MEMBERS ONLY: Trump Doesn’t Want To Be Your President

Ever since the 2016 election, I haven’t really engaged in the “not my president” meme. Don’t get me wrong. It should be obvious to anyone who knows my work that I have a gut-level hatred of Donald Trump. Indeed, it’s the first time I’ve ever hated a president. Even if we strip out his ludicrous policies and agenda, he’s still just a vile, unrepentantly cruel and ignorant loudmouth.

He’s Tony Clifton with different hair. He’s a damaging figure whose very presence inflicts harm upon our system of government. As a student of the presidency, I thoroughly resent someone of such low class occupying that heretofore sacred office. But, regardless, he’s still the president, though I won’t go so far as to claim ownership. He’s not “mine,” he’s our president, whether we think he won legitimately or not.

All that said, I’m reconsidering my position. Especially this week when Trump made the calculated decision to reject and ridicule every American who isn’t a member of his slackjawed peanut gallery of Red Hats.

During a rally last weekend, Trump literally described Democrats and those who support Democrats as “evil” and as “an angry mob.”

“The radical Democrats have turned into an angry mob,” Trump told supporters at a Kansas rally this weekend. “You don’t hand matches to an arsonist and you don’t give power to an angry left-wing mob, and that’s what they’ve become. The Democrats have become too extreme and too dangerous to govern. Republicans believe in the rule of law, not the rule of the mob.”

Take it from Trump: a guy who’s done plenty of business with the actual Mob, as in Mafia.

It turns out, I didn’t have to reject his presidency. The president rejected me instead.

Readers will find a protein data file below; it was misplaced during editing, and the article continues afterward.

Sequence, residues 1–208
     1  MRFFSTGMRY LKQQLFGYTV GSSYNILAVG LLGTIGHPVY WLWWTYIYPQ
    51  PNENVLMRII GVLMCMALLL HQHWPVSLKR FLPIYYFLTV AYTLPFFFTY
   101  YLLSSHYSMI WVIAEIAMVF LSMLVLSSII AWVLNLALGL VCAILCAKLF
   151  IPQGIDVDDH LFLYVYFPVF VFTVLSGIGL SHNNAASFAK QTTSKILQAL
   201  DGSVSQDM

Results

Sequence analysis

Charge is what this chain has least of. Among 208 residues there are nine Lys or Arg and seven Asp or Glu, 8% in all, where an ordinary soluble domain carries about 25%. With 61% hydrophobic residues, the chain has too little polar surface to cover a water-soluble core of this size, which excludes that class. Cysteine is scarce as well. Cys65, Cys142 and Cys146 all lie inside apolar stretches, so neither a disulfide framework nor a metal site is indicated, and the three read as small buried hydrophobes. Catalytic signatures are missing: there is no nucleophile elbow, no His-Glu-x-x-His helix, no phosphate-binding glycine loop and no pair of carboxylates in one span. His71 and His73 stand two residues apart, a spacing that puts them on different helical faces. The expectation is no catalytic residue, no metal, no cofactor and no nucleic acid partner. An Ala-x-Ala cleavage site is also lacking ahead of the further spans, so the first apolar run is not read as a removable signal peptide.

Let’s be clear: I don’t care if Trump approves of me or my party affiliation. I’m not outraged, nor do I feel rejected by any of his horseshit. However, Trump doesn’t want to be my president. Fine. It turns out, I don’t want to be one of his subjects. I’m merely interested in making sure he leaves office as quickly as possible and that the damage is minimal.

The thing he said that really pissed me off, though, is when, on Monday night, he held another neo-fascist rally in which he unironically referred to Democrats as “the dims.”

Again, it’s not necessarily that I was offended by being called an idiot — it’s that we were called idiots by a president who’s the dumbest stooge to have ever drooled upon the Resolute Desk. It’s not unlike when a Trump voter accosts a political celebrity online, not realizing that their beloved president is absolutely a celebrity whose TV series, “The Celebrity Apprentice,” literally had the word “celebrity” in the title. In this case, I’m offended by this textbook illustration of Dunning-Kruger staring into a camera and telling me I’m stupid when a simple glance at the record shows he’s barely smarter than a bag of pudding.

We’re all “dims,” even though Trump couldn’t name the three branches of government. He couldn’t describe the nuclear triad. He thought Frederick Douglass was still alive. He referred to the previous hurricane as “tremendously big and tremendously wet,” then followed it up by saying the hurricane is among “the wettest… from the standpoint of water.” During the campaign, he said it’s easy to be awarded the the Purple Heart. He once said we need the climate crisis because it was snowing in New York City. He needed several tries to accurately spell “counsel,” and he still can’t do it.